That’s a cool shirt.
Are you hipster?
“No not at all.”
What is hipster?
“I don’t know. It’s changing all the time. Maybe it’s not dressing up, but dressing down. This is normal dress for me.”
“This is pretty normal for me. I mean, I wouldn’t dress like this to work though.”
Ok. Would you call yourself a hipster?
What is hipster?
“Hipster doesn’t really exist anymore. It was like five years ago. People trying to be different. But people might say that everyone here is a hipster now. Now everyone dresses different.”
“I only have two outfits, but 20 pair of everything.”
What would you call your style?
“The arrogant idiot?”
Are you hipster?
What is hipster?
“You know, a mustache, tattoos, tight jeans rolled up.”
(Right) “I heard if you don’t know what to wear, just wear black and gray. So that’s where I’m at right now.”
(Left) “This isn’t hipster. Hipsters search to be different. I don’t think this is different. This is pretty standard Scandinavian style.”
(Left) “I’m wearing all his clothes, because mine got wet. But usually I look the same.”
(Right) “And I’m wearing all my clothes.”
Do you think about what you wear?
Are you hipsters?
“No. There’s been such inflation of that word. Others may call us hipsters, but I don’t think we are. I guess we might look like grunge hippies.”
Are you hipsters?
“I like to look rude. And then stand next to some old people at a bus stop and maybe help them out, I like those two different things.”
Why do you wear the necklace outside the shirt?
“To show I got a lot of money! Just kidding (laughs)”.
I live in Copenhagen, and it’s beautiful and I like it — but it’s the hardest place to do street photography that I’ve tried.
I’ve photographed around the world — London, Lisbon, Shanghai, Nice, Paris, Berlin, Brussels, Barcelona, most of the big cities in America, and a thousand other cities and towns — but Copenhagen is the hardest.
I get the most resistance in Copenhagen, the most people saying “no” and covering their faces. I get practically zero resistance everywhere else — but in Copenhagen it feels like 50% resistance. I get a lot of dirty looks and angry yells — even when I dress up, and walk with a girl, and a dog.
I think it’s a Nordic thing, though I haven’t tried Norway or Sweden.
It’s a bummer — but it’s still possible to do good stuff.
Street photography and flirting — if you can do it here, you can do it anywhere;)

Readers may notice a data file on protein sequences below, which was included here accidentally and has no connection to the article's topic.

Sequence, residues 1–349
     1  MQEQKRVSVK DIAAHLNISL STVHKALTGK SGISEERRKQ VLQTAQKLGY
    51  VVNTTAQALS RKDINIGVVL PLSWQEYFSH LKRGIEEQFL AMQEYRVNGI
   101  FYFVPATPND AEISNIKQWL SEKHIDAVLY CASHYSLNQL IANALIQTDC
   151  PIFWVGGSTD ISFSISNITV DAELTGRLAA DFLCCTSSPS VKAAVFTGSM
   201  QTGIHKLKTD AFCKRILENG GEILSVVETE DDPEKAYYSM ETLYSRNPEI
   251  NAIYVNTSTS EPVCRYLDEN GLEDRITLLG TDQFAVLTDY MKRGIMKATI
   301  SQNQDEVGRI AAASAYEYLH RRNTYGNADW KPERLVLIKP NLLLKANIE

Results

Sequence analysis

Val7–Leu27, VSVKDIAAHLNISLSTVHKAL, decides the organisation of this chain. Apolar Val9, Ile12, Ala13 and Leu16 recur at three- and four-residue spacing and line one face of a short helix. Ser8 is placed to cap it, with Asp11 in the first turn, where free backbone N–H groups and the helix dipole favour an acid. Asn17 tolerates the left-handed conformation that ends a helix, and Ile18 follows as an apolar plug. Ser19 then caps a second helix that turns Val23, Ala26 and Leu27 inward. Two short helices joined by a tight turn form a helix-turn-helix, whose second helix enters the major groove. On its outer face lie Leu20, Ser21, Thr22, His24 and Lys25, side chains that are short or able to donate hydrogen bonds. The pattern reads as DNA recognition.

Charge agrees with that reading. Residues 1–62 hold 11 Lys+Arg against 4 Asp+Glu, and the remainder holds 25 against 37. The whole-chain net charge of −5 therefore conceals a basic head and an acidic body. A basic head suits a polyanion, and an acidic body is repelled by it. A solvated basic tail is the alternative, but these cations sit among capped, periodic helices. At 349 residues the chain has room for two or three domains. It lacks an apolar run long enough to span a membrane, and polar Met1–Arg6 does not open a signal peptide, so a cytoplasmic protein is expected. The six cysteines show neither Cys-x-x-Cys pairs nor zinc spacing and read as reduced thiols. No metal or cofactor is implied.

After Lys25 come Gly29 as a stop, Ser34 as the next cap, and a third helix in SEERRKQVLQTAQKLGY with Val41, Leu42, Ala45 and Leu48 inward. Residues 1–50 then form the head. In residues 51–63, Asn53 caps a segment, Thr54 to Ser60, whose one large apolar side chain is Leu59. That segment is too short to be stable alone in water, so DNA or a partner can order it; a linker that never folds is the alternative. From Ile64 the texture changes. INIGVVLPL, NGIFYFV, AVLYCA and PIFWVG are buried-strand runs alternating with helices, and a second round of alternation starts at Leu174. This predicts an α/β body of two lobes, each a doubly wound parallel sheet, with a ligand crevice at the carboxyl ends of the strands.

100% unedited as always.
It’s summer in Copenhagen, and it’s lovely.
All shots unedited, straight out of the camera.
In the rain
Saturday was bad weather. Rain and wind and gray gray gray. I had to get some stuff on the other side of town, so I decided to walk.
I like to think that even in crap, you can make beauty.
One of my favorite bands in the world is The Darkness. Actually they’re my favorite – second only to the old Guns n’ Roses, which no longer exists. (But will again, I’m sure.)
I played a live music radio show in college, every Saturday from 01.00 until whenever, from the top of an old tower, and we began every show by playing “I Believe In A Thing Called Love“. Much of the campus tuned in. People partied to us and it was awesome.
So it was a crazy surprise that they played the festival I was getting paid to film. I had no idea.
I only needed to be there Friday, but I came Saturday just for this.
And I met Frankie, the bassist, after. The last shot here.
Søndagsvenner, and some test shots before
Photography is easy
I’ve been thinking about it for months. Photography isn’t hard. Once you know a few things, and you’ve bought a few things, photography’s pretty easy. Really easy actually. Insanely easy.
No self portraits
There was a “selfie” contest, and the description said “people have been doing selfies for centuries.”
Holy shit, it’s true:)
Thinking of self-portraits as “selfies” makes you see them in a whole new light. A very, very sad light.
Today I did two things: I put chap stick on the lens, to get the soft feel, and I uploaded some custom curves to the camera, to not have to waste time editing after. Lazy lazy lazy – the less work, the better:)
Back from Shanghai, and Copenhagen seems boring. I’ve lived here a long time; everything’s lost its novelty. And hipsters hipsters hipsters, everywhere you look. Is there anything less masculine, than a guy wanting to be a model?
So I’ve begun putting stuff on my lens to see what happens – because if the sights are boring, maybe the way they’re captured can be cool.
I put vaseline and colored paper on my lens, and below is one of the results. Unpredictable, and un-reproducible. So much more satisfying than mobile photography stuff.